The dative case is a grammatical case for nouns and/or pronouns. The dative marks, generally, the indirect object of a verb; other uses include possession, as in Vulgar Latin and, to a lesser extent, Classical Latin.
The dative was common among early Indo-European languages and has survived to the present in the Slavic branch, the Baltic branch and the Germanic branch, among others. It also exists in similar forms in several non-Indo-European languagues, such as the Finno-Ugric family of languages, Navajo and Japanese.
Languages that use or used the dative case include:
- Ancient Greek (and occasionally Modern Greek)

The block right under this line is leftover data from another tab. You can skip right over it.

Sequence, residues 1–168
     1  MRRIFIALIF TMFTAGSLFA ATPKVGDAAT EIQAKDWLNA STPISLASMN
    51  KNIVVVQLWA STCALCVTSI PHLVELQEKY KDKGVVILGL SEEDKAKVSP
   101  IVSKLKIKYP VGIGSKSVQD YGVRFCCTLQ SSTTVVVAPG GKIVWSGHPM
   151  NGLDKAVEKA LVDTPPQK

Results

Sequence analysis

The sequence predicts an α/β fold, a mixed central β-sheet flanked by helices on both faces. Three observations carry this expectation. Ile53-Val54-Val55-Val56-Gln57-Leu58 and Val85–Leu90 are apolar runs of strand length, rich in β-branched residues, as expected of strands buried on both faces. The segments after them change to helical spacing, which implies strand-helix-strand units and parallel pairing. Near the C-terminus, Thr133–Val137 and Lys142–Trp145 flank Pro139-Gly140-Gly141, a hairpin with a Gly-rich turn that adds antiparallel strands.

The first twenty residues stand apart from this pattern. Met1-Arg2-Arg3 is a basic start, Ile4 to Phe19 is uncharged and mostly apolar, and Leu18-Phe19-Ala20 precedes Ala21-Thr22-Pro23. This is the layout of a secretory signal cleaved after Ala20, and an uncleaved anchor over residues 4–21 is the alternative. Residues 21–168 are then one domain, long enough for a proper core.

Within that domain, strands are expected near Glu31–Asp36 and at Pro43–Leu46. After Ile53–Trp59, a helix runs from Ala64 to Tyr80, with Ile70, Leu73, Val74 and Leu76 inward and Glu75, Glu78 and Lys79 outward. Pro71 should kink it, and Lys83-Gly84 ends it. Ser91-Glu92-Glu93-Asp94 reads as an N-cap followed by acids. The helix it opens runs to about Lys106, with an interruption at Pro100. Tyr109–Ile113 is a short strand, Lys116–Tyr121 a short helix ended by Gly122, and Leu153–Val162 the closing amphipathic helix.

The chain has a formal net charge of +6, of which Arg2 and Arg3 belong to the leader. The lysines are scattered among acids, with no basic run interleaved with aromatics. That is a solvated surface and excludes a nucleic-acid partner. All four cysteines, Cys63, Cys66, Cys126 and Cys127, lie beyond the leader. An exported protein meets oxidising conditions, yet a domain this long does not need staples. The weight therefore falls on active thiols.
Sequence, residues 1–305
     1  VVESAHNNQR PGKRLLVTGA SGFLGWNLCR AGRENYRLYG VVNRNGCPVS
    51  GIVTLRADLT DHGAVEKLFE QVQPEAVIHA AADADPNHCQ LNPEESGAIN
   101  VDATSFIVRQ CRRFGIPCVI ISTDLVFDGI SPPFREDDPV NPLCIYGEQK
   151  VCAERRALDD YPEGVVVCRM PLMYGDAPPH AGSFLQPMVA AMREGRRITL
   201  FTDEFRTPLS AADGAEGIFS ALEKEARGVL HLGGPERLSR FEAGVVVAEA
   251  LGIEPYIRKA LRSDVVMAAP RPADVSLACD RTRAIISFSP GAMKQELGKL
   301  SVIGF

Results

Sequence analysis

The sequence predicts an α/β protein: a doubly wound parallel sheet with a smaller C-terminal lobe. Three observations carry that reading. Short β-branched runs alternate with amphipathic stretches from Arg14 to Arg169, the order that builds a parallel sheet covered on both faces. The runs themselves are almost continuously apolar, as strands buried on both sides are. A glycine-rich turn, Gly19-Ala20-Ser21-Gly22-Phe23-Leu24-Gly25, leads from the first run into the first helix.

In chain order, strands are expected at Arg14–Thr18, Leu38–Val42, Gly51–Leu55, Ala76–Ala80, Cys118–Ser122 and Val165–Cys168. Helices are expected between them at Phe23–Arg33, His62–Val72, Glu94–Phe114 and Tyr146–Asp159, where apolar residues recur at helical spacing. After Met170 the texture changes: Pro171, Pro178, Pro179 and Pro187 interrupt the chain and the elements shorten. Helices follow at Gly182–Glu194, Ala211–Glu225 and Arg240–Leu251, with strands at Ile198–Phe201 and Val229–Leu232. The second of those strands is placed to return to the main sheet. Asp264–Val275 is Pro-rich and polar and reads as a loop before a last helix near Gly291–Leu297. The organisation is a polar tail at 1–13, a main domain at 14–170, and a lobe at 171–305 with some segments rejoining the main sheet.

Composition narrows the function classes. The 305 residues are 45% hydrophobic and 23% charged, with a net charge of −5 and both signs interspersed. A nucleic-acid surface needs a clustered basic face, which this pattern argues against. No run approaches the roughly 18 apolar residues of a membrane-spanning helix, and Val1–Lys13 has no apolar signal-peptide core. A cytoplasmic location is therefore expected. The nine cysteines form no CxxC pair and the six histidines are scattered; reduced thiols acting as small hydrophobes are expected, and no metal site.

- Old English
Though in English, the indirect object of an action is sometimes expressed with a prepositional phrase of 'to' or 'for', an accusative pronoun can be placed directly after the main verb and used in a dative manner, provided that the verb has a direct object as well; for example, "He gave me that" or "He built me a snowman". In both examples, the accusative "me" functions as a dative. This collapse of the accusative and dative pronouns (which were distinct in Old English) into the same pronoun-set has led grammarians to discard the accusative/dative distinction in modern English grammar and refer to this combined form as the 'objective' (See also Declension in English).